There are many fraud schemes today with mouth-watering offers, one of which is the popular charity scam.
It is human nature to engage in fundraising or make moves to help fellow humans, especially those affected by pandemics such as the COVID-19 disease and other environmental disasters including; flooding, war, inflation, and food scarcity. All in a bid to support the affected persons, donators or patrons send their money to individuals or cooperations, who, in pretense, act as a foundation for helping the poor, needy, or less privileged.
There are over 7 billion people in the world today, and at least 30% have been, or are still being scammed. Here are a few reasons why.
Scam Innovations: Scammers come up with new ideas to defraud people of their money, especially those with the heart of giving.
Lack of Knowledge: Most people do not know where or how to go about donations. Especially those which involve sending funds to a distant country as aid for food, water, shelter, and even those affected by war.
Here are a few tips to avoid charity scams.
Tips To Avoid Falling For Donation/Charity Scams
1. Do your research
Check the organisation’s website. Ensure to do some research if you have not heard of them before.
Ask friends, neighbours, or people in the same community as you if they have heard of the said charity organisation and what would be their take or opinion on donating to the organisation.
Also, one can look for charity organizations that spend a considerable part of money realized (70% or more) on programs that benefit communities affected by pandemics or other environmental disasters. 20% or less of the funds donated can be used for fundraising and administrative expenses.
However, several bodies exist to help verify charity organizations. They include;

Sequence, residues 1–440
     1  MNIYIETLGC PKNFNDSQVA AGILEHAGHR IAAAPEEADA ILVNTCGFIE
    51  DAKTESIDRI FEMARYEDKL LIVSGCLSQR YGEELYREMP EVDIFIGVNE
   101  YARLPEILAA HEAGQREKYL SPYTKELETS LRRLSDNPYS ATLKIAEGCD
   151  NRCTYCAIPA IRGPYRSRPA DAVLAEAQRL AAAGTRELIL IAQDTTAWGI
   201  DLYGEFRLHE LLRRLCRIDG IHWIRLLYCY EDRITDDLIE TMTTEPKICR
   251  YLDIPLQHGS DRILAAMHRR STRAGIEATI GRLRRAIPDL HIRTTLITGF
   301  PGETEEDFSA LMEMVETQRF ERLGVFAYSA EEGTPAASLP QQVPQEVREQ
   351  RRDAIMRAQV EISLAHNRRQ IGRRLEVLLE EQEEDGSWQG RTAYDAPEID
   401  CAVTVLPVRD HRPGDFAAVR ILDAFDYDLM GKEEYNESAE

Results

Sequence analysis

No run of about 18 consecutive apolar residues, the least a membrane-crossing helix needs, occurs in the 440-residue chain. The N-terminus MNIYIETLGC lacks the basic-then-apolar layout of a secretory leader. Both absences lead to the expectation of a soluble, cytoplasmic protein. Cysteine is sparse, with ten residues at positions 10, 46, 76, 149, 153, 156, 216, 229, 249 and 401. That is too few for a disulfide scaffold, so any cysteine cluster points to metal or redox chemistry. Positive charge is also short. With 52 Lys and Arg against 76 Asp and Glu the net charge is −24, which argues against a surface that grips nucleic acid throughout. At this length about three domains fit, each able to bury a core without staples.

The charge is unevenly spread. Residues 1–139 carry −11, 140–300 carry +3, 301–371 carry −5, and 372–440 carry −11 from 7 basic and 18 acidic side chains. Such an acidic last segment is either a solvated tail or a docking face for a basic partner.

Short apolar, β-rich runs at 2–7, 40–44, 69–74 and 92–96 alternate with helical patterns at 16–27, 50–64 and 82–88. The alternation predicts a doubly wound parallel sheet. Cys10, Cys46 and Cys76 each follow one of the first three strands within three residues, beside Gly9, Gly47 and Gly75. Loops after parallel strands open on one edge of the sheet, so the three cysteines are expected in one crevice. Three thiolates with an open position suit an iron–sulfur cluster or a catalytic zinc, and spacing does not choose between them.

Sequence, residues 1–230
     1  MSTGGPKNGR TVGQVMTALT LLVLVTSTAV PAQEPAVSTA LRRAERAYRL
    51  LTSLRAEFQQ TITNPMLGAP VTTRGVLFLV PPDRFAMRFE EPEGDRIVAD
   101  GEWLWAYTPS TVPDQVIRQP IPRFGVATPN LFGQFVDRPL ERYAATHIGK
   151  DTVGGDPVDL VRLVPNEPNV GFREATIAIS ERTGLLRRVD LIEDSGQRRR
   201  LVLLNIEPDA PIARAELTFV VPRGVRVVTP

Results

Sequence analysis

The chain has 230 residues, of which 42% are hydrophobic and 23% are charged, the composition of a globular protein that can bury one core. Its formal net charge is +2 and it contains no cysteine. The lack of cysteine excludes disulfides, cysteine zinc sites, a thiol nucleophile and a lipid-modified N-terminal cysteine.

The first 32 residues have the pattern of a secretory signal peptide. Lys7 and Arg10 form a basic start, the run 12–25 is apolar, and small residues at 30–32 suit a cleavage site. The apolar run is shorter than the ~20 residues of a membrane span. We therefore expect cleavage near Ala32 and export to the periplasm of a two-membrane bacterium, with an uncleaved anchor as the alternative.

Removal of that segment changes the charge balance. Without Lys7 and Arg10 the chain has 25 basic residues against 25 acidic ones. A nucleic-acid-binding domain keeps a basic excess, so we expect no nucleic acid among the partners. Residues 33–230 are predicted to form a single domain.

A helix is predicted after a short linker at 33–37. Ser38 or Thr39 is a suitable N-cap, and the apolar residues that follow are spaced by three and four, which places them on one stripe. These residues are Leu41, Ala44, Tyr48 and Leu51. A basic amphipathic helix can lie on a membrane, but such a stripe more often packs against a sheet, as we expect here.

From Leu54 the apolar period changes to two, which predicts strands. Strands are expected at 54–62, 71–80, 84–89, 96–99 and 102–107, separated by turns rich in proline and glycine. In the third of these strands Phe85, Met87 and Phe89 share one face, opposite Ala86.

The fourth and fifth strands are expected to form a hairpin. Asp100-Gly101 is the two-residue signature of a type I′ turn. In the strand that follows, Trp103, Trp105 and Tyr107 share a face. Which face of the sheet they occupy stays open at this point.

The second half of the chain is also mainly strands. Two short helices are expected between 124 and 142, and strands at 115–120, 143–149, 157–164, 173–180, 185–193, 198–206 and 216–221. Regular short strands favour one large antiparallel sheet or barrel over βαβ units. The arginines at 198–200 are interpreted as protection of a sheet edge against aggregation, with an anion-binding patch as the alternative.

Charity Watch: This United States-based organisation was created by Daniel Borochoff in 1992. It provides resourceful information about charities’ financial efficiency in fundraising, governance processes, and accountability.
Charity Navigator: One of the world’s largest and most used independent nonprofit evaluators, established in 2001 by Pat Dugan and Marion Dugan. It aims to provide resourceful information, tools, and ratings for donors and other philanthropists worldwide.
2. Ask Questions
Questions to be asked could be directed to the managers of the charity organizations or firms for valid registration documents, preferably from an international body like the United Nations, UNICEF, etc., or how funds will be spent. A nonprofit organisation will be happy to discuss its long-term goals, missions, and objectives with you.
One can also ask questions on previous projects and any other inquiries one deems fit.
Also, knowing how charity organizations intend to solve a particular problem is essential to understanding their mission. For instance, fundraising for internally displaced persons (IDP) in “County A,” which resulted as a result of war started by the neighbouring “Country B.” The funds to be raised could be used to feed such persons, provide shelter, clothing, utilities (light, well-maintained sewage system), skills, and even education for the affected children.
Before doing so, the total number of IDPs should have been estimated and how many of them the charity aims to reach out to for a start.
3. Be on alert